Shakespeare's utilization of soliloquies in Macbeth is of extreme importance. The function of the soliloquies is to direct our attention to the characters' personality, their thoughts, feelings, motivation, etc. Only through soliloquies do we understand the inner world of the characters and their ambitions, aspirations, and fears. Without soliloquies in Macbeth, the characters, especially our tragic hero, Macbeth, would be robbed of their humanity -- they would be viewed as mere tools for plot development. But Shakespeare wanted more than that. He wanted us to understand his characters as complex beings, who are multidimensional, embodying both the good and the bad.
For instance, when we examine Macbeth's soliloquies, we gain insight into his inner world -- his thoughts, his ambitions, his fears. Without the soliloquies, we could easily cast him as a villain, whose uncontrolled hunger for power makes him cold-blooded and vicious. The soliloquies, however, help us understand his multi-layered character. The soliloquy about the invisible dagger, for example, helps us see how insecure and uncomfortable he feels about his plan to kill Duncan:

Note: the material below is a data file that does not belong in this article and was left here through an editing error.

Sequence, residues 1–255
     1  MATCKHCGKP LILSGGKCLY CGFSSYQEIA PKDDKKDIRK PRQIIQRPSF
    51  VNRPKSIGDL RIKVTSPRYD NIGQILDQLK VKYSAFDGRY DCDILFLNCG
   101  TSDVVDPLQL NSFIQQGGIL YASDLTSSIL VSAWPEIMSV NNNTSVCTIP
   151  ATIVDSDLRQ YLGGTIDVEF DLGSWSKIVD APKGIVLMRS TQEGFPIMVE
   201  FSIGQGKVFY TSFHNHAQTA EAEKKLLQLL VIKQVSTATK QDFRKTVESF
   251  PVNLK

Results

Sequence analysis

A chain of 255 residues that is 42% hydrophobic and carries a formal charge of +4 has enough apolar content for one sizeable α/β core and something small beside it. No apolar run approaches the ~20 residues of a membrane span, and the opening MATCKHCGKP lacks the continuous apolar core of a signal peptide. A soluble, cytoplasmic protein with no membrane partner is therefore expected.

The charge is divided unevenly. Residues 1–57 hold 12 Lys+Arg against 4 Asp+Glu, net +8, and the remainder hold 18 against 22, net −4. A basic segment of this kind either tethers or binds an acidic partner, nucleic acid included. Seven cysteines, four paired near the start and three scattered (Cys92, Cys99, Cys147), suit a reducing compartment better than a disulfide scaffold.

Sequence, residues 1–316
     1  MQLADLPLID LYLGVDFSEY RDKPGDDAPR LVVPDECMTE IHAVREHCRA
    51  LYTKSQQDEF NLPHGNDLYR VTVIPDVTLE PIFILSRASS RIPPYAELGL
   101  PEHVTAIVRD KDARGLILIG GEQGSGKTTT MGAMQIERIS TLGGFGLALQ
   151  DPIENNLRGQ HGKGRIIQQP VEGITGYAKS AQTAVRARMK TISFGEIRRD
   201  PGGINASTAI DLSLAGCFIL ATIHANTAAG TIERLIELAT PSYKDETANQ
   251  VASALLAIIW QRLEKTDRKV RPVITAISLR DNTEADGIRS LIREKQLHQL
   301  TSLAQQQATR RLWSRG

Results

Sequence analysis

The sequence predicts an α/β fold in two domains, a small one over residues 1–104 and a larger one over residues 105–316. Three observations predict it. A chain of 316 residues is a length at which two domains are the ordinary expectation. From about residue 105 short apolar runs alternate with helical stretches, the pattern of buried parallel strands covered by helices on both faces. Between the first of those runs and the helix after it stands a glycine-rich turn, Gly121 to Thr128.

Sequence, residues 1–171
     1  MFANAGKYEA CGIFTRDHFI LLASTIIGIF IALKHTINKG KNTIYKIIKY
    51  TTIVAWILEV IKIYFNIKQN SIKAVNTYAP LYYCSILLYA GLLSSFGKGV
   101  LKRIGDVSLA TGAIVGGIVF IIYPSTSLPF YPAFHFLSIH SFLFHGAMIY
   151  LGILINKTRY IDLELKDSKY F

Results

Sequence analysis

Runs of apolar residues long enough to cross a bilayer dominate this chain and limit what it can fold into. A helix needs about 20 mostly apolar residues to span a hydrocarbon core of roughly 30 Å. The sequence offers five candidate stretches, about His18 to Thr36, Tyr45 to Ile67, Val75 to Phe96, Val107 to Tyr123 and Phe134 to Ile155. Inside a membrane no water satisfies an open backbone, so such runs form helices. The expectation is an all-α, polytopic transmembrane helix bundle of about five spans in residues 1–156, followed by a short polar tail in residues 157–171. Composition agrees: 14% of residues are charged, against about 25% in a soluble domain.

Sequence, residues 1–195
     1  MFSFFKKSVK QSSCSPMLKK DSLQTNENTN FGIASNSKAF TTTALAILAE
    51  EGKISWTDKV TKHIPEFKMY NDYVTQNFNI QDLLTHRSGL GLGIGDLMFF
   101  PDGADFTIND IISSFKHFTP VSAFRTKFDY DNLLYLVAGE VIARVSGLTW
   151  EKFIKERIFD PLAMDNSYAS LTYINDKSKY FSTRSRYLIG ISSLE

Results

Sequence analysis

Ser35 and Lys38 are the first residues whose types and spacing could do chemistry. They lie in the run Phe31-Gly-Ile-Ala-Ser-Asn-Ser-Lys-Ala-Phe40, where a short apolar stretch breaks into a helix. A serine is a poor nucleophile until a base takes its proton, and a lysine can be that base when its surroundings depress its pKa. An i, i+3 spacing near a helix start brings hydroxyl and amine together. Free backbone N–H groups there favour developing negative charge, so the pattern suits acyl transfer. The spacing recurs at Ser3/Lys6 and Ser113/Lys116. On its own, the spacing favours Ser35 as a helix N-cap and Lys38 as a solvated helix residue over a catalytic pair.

Art thou not, fatal vision, sensible
To feeling as to sight? or art thou but
A dagger of the mind, a false creation,
Proceeding from the heat-oppressed brain?
Another soliloquy which can even evoke in us feelings of sympathy for Macbeth is the one in which he states how futile life is:
Life's but a walking shadow, a poor player
That struts and frets his hour upon the stage
And then is heard no more: it is a tale
Told by an idiot, full of sound and fury,
This soliloquy, like many others, help us understand that Macbeth is not always ruthless, confident and unbowed. He is a human after all, and his failure to make his life meaningful can evoke a sense of sympathy among the readers despite all the atrocities he committed. The soliloquies define his humanity. And that is why they are important.